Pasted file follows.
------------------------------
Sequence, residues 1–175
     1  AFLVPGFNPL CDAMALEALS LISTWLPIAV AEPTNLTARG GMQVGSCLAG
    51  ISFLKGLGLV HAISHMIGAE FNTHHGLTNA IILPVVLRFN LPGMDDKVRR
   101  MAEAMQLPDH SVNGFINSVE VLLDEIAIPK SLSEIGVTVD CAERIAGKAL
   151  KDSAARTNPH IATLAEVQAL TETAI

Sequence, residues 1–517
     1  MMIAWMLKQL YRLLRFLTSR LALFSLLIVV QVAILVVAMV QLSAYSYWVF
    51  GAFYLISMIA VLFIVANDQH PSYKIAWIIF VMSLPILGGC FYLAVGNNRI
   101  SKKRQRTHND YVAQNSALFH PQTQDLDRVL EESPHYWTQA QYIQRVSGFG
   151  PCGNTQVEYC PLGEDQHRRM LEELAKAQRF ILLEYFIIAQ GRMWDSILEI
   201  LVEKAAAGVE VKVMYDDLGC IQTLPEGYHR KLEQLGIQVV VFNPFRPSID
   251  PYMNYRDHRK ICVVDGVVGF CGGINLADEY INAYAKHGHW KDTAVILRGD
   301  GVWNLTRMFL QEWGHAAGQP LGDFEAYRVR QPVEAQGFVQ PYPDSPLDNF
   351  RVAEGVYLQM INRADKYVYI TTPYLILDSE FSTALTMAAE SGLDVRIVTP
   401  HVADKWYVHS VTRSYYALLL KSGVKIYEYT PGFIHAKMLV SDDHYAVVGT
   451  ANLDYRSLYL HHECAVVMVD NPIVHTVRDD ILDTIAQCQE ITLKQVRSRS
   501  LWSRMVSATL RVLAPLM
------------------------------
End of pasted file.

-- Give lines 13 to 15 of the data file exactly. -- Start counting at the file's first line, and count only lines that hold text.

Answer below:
   301  GVWNLTRMFL QEWGHAAGQP LGDFEAYRVR QPVEAQGFVQ PYPDSPLDNF
   351  RVAEGVYLQM INRADKYVYI TTPYLILDSE FSTALTMAAE SGLDVRIVTP
   401  HVADKWYVHS VTRSYYALLL KSGVKIYEYT PGFIHAKMLV SDDHYAVVGT